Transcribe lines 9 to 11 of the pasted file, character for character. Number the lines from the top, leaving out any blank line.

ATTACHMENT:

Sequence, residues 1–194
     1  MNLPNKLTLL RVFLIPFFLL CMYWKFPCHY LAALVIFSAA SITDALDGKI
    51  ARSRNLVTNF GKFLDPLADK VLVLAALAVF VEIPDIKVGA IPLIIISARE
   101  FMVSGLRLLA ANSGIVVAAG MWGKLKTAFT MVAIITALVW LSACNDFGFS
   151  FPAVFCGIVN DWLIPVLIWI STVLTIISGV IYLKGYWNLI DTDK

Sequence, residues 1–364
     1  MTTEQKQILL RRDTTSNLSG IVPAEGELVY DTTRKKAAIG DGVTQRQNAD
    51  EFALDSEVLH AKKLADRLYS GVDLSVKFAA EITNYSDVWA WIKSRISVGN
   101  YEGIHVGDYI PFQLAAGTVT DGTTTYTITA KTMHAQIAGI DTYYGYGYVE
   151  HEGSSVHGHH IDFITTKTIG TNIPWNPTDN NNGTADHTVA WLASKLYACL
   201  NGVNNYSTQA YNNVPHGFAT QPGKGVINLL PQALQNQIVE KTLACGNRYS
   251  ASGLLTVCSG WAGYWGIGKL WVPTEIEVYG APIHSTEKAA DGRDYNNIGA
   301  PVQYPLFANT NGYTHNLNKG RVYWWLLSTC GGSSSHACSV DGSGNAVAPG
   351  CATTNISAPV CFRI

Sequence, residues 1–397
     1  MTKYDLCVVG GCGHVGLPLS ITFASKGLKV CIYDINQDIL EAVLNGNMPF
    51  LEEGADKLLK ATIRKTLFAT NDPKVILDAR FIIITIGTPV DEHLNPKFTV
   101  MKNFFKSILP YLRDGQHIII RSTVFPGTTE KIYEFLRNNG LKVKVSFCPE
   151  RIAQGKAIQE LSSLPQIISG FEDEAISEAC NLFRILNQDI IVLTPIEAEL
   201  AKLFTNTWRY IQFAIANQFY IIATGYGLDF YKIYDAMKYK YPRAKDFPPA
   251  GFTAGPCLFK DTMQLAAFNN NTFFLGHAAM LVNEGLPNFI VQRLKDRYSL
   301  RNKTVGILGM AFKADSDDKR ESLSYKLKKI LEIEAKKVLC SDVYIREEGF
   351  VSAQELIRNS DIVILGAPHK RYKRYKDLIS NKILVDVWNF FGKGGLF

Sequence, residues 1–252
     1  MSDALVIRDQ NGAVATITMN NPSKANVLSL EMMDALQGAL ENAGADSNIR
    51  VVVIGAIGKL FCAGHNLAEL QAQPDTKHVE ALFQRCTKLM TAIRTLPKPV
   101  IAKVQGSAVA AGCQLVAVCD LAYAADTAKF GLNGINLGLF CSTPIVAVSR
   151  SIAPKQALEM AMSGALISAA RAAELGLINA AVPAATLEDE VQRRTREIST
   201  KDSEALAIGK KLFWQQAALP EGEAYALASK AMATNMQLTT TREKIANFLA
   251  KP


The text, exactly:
   101  YEGIHVGDYI PFQLAAGTVT DGTTTYTITA KTMHAQIAGI DTYYGYGYVE
   151  HEGSSVHGHH IDFITTKTIG TNIPWNPTDN NNGTADHTVA WLASKLYACL
   201  NGVNNYSTQA YNNVPHGFAT QPGKGVINLL PQALQNQIVE KTLACGNRYS